Typewriter Wall in The Press Hotel

Typewriter Wall in The Press Hotel

Yesterday, June 23rd, was International Typewriter Day. To celebrate I wanted to share with you this absolutely beautiful art installation called “SWARM” found in The Press Hotel in Portland, Maine.

Located in the historic Gannett Building that once housed the Portland Press Herald newspaper, artist Erin Hutton and a collaborative team from Maine College of Art (MECA) created this one of  kind art exhibit.

Using 62 vintage typewriters Erin and her creative team mounted the machines on the wall in a circular swarm pattern so that the typewriters cascade out overhead as you walk below.

Typewriter wall in The Press Hotel

Typewriters have their own personalities

As Director of Exhibitions + Special Projects at MECA, Erin was thrilled to have the opportunity to work with typewriters as she remembers her Grandma’s typewriter with fondness.

Erin shared with me that by the end of the project she had developed a love/hate relationship with the typewriters. Take for instance, the giant brown beast of a typewriter that was very stubborn when it came time for installation. The typewriter in the eye-popping cherry red colour however, soon became her favorite.

Typewriter wall in The Press Hotel

It took over two days for all the typewriters to be installed

After planning and playing with layout at MECA, the typewriters were transported to the hotel. Each machine was installed one at a time over two and a half days. The result is absolutely stunning and unforgettable.

The typewriters themselves have to be maintained. This involves a 16 foot ladder and the nerve to scale it and dust all the machines, keeping them looking fresh and as captivating as ever.

Typewriter wall in The Press Hotel

A must-see destination hotel

The Press Hotel is a unique place in that it has made the history of its building part of the identity as a destination hotel. Meeting rooms are called ‘The Editorial Room,’ The Press Room,’ and ‘The Composing Room’ in keeping with the original function of the building.

You can find more of Erin’s work at Studio24b where she and her husband often collaborate on creating art for public and private spaces.

Although International Typewriter Day is technically passed, I am seriously thinking about paying a visit to a park this Sunday afternoon with typewriter in hand and setting up shop on a picnic table.

What do you think? Should I do it?

P.S. A special thanks to Erin Hutton for taking the time to speak with me and for the use of some of her photos.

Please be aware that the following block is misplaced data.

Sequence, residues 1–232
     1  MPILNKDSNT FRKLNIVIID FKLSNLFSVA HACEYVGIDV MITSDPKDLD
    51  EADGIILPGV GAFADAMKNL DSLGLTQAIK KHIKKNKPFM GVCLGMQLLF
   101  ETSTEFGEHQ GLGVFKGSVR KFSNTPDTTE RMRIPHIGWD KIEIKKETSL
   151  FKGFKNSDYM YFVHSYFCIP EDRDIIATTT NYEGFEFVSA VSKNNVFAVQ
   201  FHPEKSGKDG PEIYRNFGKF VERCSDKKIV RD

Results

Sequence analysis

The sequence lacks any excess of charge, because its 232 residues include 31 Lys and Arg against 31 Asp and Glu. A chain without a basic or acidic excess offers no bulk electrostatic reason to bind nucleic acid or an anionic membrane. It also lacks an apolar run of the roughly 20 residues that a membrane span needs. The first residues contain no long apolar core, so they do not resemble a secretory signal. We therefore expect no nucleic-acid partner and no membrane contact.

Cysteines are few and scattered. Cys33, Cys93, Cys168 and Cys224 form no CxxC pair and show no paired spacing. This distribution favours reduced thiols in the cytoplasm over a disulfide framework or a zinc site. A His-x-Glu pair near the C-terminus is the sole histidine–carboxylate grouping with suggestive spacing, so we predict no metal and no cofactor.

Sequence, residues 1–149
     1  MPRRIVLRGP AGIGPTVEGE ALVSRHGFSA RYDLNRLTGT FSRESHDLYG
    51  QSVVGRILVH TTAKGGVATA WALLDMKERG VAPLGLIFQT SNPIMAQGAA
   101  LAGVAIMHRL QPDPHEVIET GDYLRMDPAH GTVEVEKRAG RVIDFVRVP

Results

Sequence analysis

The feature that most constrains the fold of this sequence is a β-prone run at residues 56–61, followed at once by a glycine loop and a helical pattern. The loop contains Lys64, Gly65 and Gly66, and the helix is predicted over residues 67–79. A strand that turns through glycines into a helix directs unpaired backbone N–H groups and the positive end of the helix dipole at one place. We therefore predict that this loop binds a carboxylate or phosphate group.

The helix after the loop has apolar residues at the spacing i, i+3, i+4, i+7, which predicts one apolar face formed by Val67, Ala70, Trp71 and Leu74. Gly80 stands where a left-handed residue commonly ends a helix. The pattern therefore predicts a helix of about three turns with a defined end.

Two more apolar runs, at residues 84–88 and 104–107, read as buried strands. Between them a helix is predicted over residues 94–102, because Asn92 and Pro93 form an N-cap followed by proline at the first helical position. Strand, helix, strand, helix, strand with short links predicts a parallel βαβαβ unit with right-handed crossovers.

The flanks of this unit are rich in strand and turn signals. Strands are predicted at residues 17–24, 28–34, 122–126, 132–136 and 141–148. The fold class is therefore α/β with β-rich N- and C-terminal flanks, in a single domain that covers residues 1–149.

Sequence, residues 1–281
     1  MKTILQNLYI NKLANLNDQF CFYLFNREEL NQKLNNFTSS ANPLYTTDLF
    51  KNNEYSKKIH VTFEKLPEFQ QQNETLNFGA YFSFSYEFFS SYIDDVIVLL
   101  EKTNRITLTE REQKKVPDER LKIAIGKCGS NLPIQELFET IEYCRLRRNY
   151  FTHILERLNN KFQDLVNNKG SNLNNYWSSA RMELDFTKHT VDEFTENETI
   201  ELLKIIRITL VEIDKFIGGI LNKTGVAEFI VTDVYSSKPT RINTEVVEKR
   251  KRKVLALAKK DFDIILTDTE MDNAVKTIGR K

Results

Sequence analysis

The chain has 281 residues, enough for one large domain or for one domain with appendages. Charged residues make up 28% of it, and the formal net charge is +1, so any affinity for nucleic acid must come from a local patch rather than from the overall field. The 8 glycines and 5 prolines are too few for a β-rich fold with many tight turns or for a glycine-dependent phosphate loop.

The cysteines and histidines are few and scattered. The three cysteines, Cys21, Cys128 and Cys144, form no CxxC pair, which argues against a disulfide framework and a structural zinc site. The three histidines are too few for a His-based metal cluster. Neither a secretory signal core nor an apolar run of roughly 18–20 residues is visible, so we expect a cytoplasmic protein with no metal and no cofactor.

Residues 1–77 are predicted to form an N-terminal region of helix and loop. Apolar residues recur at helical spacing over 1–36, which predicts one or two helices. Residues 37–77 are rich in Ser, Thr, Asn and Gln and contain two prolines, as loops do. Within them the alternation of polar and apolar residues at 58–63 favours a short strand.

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  1. Yes, go to see the typewriter art, and BE SURE to go to Powell’s Books!

    • Will be sure to jot this down, Ramona. Thank you for your recommendation. Now, to get myself there… 🙂

  2. Hi Barb,

    You should definitely come! What a great post on this exhibit, I’ve been lots of times and take all our visitors there. They also have a typewriter in the lobby with a pile of stationery available for use and encourage people to write a letter, and they will post it for you, with Press Hotel postage!

    One friend was reluctant, but once we got started she was totally hooked!

    I have a cherry red typewriter like the one on the wall (I think it’s the same model) and have identified two others similar to ones in my collection.

    I hope you received the note I sent last week, it was so great to hear from you!

    • Hello there dear friend, I did indeed receive that amazing stand up, adorable bird stationery! love. Soon to be featured in my ‘what’s in my mailbox’ series, no doubt. Thank you! Can’t believe you’ve been to this hotel.I’m so jealous! And the idea that people can use typewriter to write a letter…well, that just seals it, I must get myself there. Thanks for finding me and my ramblings. Talk soon in the post.

  3. When I was in the military, I was the ONLY person in the entire BUILDING that had a typewriter! I was talked about, with comments such as, “Why do you still have a typewriter?! We don’t use those anymore!” But, some military forms weren’t all converted to PDF format and had to be typed. Those that questioned in jest, were those that visited my office saying, “Hey, can I use your typewriter? I have some forms that need to be typed.” I sure wish that I had taken it with me when I retired because I miss that ol’ beast! 🙂

    • Kari, Love how the typewriter created it’s own karma! Too bad indeed you don’t still have it, but perhaps, you will stumble upon a replacement one of these days.